Appendix B
Letter Report

April 4, 2003

Steve Chalk,

Director

Office of Hydrogen, Fuel Cells, and Infrastructure Technologies

U.S. Department of Energy

1000 Independence Avenue, SW Washington, DC 20585

Dear Mr. Chalk:

In response to a requirement in its statement of task item 5,1 the National Research Council’s (NRC’s) Committee on Alternatives and Strategies for Future Hydrogen Production and Use submits this interim letter report.2 This letter report is part of a larger project initiated at the request of the U.S. Department of Energy (DOE) by the NRC’s Board on Energy and Environmental Systems and the National Academy of Engineering Program Office. The purpose of the project is to evaluate the cost and status of technologies for production, transportation, storage, and end-use of hydrogen and to review DOE’s hydrogen research, development, and deployment (RD&D) strategy. The committee’s observations and findings in this report are based on presentations made by various DOE representatives and others at the committee’s first two meetings on December 2–4, 2002, and January 22–24, 2003, in Washington, D.C. This letter report provides some early feedback and recommendations that may be of help as you and your colleagues evolve your strategic directions for the fiscal year 2005 hydrogen research and development (R&D) programs.

INTRODUCTION

Hydrogen is a flexible energy carrier that can be produced from a variety of domestic energy resources and used in all sectors of the economy. An energy system based on domestic energy resources, using hydrogen as a carrier and deployed on a large scale, if accomplished, could improve energy security, air quality, and greenhouse gas management. Such a system will require development across a spectrum of complementary technologies for hydrogen production, transportation, storage, and use.

Today, hydrogen is generated for use in a variety of applications, the most significant of which are the refining of crude oil into commercial liquid fuels and the production of fertilizers and high-value chemicals. Accordingly, a great deal of practical commercial experience exists for producing, transporting, and using hydrogen.

The DOE’s Office of Energy Efficiency and Renewable Energy has created a new program office, the Office of Hydrogen, Fuel Cells, and Infrastructure Technologies. The

1  

Item 5 of the statement of task asks for a letter report on the committee’s interim findings. The balance of the statement of task (see Appendix B) will be addressed in the committee’s final report in late 2003.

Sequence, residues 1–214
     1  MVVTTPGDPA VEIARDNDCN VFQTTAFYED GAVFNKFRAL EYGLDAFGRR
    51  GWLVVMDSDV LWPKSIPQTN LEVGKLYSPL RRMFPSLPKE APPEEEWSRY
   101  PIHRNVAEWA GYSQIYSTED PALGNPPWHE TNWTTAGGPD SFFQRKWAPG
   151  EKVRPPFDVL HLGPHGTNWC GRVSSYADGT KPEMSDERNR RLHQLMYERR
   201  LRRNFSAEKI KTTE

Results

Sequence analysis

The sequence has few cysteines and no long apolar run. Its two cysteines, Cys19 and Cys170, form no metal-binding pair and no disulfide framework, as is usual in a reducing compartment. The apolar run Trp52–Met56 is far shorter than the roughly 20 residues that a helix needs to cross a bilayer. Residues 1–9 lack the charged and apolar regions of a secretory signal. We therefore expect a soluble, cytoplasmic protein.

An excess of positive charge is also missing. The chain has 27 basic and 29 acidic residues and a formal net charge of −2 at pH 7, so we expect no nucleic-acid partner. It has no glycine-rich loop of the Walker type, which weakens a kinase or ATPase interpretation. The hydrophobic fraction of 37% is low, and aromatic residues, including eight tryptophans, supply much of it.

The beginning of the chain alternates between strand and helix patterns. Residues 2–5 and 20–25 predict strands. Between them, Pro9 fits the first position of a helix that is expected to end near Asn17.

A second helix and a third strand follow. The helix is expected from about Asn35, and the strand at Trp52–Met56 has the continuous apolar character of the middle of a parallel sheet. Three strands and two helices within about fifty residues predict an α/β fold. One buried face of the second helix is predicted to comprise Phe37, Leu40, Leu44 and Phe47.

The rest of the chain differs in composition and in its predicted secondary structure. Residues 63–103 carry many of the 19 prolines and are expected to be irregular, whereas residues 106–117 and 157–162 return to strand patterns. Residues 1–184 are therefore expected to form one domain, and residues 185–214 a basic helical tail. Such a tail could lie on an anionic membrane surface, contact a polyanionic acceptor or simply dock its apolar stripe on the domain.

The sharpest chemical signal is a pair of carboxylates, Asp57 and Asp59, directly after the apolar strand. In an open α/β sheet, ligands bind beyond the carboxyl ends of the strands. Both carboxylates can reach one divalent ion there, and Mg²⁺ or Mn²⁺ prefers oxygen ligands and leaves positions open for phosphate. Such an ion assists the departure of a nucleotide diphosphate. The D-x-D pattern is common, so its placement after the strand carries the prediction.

2  

This report has been reviewed in draft form by individuals chosen for their diverse perspectives and technical expertise, in accordance with procedures approved by the NRC’s Report Review Committee. The purpose of this independent review is to provide candid and critical comments that will assist the institution in making its published report as sound as possible and to ensure that the report meets institutional standards for objectivity, evidence, and responsiveness to the study charge. The review comments and draft manuscript remain confidential to protect the integrity of the deliberative process. We wish to thank the following individuals for their review of this report: Daniel Arvizu, CH2M Hill; Alan Bard, NAS, University of Texas, Austin; H.M. Hubbard, Retired President and CEO, Pacific International Center for High Technology Research; James Katzer, NAE, ExxonMobil Research and Engineering Company; and Robert Shaw, Jr., Aretê Corporation.

Although the reviewers listed above have provided many constructive comments and suggestions, they were not asked to endorse the conclusions or recommendations, nor did they see the final draft of the report before its release. The review of this report was overseen by William Agnew, NAE, General Motors (retired). Appointed by the NRC, he was responsible for making sure that an independent examination of this report was carried out in accordance with institutional procedures and that all review comments were carefully considered. Responsibility for the final content of this report rests entirely with the authoring committee and the institution.